I serviced that bike, listed it for sale at $800 and didn't get a single reply on CL. After a year I broke it down in parts, I sold the frame for $150, the cranks and bb for $140, the wheelset for $200, the stem for $50, the leather saddle for $90, and the derailleurs and shifters for $250. The guy who bought the derailleurs told me he saw the bike listed but only wanted the derailleurs. The headset went with the frame and fork, the red cables and brakes got used on a project bike.

What it boils down to is the general public doesn't know the difference between a Huret Jubilee or a Suntour VX or any other derailleur. Most will buy what they recognize and what they can afford right now.
I don't generally flip bikes, but when I come across a clean old Schwinn Varsity or any other run of the mill bike that people recognize, I know its a quick sell.
(I sold a late 70's Schwinn Varsity last night in what I'd call fair to good condition for $250, it wasn't listed for more than an hour, yet it took four months to sell a Gitane Tour de France. in near mint condition for $400.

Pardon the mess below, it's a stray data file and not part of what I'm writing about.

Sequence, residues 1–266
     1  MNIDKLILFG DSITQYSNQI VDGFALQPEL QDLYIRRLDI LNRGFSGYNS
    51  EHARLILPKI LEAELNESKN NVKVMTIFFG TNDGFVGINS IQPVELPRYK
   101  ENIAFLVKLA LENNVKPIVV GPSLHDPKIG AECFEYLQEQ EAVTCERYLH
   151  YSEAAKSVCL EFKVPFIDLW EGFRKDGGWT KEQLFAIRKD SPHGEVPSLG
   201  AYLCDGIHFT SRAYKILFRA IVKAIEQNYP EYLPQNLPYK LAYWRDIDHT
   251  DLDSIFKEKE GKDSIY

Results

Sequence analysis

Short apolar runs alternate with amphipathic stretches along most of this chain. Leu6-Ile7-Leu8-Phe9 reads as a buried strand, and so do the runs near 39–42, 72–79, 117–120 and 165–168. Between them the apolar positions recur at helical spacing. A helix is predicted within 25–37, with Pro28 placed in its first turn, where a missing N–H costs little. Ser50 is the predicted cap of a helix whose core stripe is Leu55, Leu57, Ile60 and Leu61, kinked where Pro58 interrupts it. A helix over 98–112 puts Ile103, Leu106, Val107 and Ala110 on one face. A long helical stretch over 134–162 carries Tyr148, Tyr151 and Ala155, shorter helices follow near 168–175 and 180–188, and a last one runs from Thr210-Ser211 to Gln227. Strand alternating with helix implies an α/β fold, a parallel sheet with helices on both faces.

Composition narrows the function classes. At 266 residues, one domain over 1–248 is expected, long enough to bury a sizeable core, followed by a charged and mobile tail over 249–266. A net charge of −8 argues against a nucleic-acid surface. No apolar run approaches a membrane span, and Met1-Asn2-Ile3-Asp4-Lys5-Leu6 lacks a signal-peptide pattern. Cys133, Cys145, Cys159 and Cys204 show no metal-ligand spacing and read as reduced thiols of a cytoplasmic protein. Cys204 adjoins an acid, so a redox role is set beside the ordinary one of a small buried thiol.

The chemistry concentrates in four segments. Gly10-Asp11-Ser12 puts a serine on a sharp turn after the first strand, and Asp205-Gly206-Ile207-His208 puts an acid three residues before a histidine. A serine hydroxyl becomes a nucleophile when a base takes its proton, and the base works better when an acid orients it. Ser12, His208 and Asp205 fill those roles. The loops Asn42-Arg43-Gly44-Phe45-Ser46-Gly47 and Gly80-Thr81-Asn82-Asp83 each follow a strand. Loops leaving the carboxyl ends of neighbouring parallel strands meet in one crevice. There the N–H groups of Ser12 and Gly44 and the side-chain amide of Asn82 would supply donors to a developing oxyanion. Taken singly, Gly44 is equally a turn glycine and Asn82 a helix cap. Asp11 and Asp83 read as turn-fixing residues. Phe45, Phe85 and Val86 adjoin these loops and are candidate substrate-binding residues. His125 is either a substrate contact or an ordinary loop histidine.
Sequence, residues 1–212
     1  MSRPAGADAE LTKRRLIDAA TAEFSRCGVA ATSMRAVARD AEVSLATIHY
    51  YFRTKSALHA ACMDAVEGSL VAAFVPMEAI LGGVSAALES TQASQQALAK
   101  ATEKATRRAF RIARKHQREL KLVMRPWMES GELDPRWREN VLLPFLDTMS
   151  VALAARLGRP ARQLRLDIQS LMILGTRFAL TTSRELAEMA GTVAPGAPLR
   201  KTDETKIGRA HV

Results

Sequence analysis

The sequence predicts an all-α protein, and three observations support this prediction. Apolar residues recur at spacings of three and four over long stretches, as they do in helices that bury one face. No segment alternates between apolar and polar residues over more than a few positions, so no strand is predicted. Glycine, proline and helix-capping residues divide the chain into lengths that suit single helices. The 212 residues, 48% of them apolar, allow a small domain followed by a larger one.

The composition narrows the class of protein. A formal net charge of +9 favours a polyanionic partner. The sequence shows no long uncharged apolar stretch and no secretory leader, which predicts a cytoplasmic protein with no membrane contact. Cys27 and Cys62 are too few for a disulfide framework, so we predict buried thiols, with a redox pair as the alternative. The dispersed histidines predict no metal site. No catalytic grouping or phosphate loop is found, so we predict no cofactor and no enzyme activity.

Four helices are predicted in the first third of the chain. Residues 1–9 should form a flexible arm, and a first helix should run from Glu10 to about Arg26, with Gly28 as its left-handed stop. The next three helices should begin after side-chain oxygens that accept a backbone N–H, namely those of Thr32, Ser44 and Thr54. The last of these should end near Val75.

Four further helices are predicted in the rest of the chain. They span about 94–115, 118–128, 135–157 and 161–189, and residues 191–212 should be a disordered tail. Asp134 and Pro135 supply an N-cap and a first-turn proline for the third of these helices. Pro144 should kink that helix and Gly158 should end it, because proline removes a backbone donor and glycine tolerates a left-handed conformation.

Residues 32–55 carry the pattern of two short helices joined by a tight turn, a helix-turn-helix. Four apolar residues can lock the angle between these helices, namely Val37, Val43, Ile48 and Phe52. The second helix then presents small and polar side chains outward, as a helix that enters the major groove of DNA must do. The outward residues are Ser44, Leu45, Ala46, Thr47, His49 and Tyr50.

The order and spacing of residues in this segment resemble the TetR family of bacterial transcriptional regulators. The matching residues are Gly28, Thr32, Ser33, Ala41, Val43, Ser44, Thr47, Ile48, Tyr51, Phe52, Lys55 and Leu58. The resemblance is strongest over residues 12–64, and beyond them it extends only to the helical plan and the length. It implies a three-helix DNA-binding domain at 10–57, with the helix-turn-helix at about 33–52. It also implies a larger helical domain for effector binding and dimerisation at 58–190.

Something that I've found over the years is that the best selling items are those driven by nostalgia and popularity and not necessarily by original price. When we're young, we see things we like but can't afford them, when we're a little older and have a few extra bucks in hand to spend, we buy those things we either once owned and let go of, or things we wanted years ago and couldn't afford..

What I've found is that this happens to most folks in their mid 30's to early 40's. They see an item they owned or wished they owned back when they were in school that they couldn't afford then and since they now that have the some cash, they buy it now. Then as they hit their mid 50's, a lot of them tend to start letting go of the things they own and realize they don't need, only to find the next generation doesn't value the same things and the value drops.
The nostalgia wears off so to speak with most items.
It happened with balloon tire bikes, it happened with old road bikes too. Every so often someone younger will gain an interest in the things their parents may have had or even their grandparents but its not the driving force that nostalgia was to their parents.